The US Justice Department, working in collaboration with the Securities and Exchange Commission (SEC), have started a probe into last look – a procedure used by the major global FX banks to renege on losing trades at the last moment. A broader ongoing investigation of the forex market apparently piqued their interest.
Regulators around the world, including the American ones, have already been investigating the practices of the banks in the FX market for quite a while. Until now, however, the investigations have only been known to focus on a conspiracy to manipulate FX rates by bank traders to the detriment of their clients.
In fact, just earlier on Tuesday, Barclays Plc (LSE: BARC) had announced in its earnings report it set aside another £750 million for settlement charges relating to foreign exchange-fixing-related settlement charges, bringing the provisions to a total of £1.25 billion.
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Barclays CEO Anthony Jenkins said about the manipulation allegations: “We remain focused on addressing outstanding conduct issues, including those relating to Foreign Exchange trading… resolving these issues is an important part of our plan for Barclays and, although it may be difficult, I expect that we will make significant progress in this area in 2015.” But now it seems he might have even more troubles to worry about in the FX field this year.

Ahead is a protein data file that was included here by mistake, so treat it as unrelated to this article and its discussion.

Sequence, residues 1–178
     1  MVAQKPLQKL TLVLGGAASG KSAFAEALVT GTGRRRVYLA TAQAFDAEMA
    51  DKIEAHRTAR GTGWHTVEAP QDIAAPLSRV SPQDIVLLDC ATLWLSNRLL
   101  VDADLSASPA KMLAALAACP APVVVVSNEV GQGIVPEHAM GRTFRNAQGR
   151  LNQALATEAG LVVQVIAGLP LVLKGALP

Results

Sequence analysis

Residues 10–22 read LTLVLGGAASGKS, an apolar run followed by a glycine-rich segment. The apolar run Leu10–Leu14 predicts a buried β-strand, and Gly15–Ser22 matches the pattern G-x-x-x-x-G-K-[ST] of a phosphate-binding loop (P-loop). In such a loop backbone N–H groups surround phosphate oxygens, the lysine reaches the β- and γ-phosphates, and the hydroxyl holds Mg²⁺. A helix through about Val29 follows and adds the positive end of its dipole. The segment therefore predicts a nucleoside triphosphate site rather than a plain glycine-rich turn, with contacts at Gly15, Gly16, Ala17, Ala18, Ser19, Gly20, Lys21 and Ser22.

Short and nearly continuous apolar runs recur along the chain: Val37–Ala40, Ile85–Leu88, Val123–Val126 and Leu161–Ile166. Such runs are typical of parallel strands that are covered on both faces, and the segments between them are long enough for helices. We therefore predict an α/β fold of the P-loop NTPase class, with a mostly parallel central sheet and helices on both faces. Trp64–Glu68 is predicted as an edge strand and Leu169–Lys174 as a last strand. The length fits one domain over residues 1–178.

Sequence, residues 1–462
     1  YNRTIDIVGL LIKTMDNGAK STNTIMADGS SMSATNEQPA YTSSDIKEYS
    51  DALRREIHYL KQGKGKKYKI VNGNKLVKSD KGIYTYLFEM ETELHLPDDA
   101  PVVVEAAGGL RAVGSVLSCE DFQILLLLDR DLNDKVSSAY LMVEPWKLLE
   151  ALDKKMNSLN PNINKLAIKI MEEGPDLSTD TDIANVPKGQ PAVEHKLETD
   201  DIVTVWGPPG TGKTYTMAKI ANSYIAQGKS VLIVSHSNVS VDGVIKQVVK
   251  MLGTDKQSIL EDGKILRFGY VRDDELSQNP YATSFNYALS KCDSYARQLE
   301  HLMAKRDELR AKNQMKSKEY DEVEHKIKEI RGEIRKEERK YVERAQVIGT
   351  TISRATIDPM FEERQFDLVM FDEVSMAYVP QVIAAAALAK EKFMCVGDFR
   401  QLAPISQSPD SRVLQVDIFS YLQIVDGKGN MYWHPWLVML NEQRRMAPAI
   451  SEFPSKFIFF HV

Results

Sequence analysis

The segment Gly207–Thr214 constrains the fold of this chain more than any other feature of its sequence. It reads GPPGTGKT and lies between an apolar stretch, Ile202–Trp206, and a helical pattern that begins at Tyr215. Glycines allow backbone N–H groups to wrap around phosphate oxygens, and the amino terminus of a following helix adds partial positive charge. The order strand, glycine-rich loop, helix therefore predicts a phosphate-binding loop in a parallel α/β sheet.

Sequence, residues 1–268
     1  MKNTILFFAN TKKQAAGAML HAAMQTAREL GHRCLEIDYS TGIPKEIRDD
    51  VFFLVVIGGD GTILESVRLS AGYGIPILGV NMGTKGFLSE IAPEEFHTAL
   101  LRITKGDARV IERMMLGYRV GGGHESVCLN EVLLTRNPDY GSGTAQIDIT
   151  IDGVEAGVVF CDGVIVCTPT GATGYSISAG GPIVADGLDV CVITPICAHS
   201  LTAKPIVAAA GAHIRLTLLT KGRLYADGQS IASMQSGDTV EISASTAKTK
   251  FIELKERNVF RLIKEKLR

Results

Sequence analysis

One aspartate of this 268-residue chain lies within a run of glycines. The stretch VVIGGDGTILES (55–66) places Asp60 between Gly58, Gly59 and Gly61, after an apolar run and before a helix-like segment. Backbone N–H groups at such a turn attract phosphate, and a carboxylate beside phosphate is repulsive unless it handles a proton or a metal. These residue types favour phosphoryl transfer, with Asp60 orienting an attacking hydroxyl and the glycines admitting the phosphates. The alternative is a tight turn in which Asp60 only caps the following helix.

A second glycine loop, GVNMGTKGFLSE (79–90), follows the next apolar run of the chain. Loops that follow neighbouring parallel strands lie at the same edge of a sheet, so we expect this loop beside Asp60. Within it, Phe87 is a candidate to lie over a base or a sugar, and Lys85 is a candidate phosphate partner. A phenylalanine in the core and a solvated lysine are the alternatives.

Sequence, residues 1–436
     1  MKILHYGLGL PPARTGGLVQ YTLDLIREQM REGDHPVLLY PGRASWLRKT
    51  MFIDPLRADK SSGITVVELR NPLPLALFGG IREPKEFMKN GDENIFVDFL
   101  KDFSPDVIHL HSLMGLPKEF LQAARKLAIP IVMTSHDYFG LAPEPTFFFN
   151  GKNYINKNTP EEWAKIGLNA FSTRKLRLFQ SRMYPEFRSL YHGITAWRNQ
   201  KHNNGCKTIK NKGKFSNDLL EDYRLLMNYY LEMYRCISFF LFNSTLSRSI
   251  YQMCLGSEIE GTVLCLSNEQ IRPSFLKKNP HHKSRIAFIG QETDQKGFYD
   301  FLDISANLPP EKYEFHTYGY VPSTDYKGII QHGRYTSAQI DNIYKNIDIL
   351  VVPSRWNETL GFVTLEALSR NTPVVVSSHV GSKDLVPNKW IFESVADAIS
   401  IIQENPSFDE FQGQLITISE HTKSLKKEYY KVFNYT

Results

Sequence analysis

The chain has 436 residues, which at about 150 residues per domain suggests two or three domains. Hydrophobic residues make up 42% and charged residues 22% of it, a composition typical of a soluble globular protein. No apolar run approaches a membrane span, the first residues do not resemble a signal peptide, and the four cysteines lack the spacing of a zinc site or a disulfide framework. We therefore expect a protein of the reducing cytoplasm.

It has been revealed that Justice Department prosecutors and SEC officials have requested information from Barclays relating to its electronic-trading platform, specifically about the program that allows the bank’s traders to have a “last look” at an order before executing it, according to Bloomberg. The SEC reportedly is investigating whether the procedure violates American disclosure laws.
Earlier this month ACI, a non-profit association of markets professionals representing institutional bodies as exchanges, hedge funds and central banks, has also addressed the questionable procedure. “[Last look] should only be used in order to mitigate technological anomalies and latencies when showing firm prices to customers,” reads an updated Code of Conduct by the association.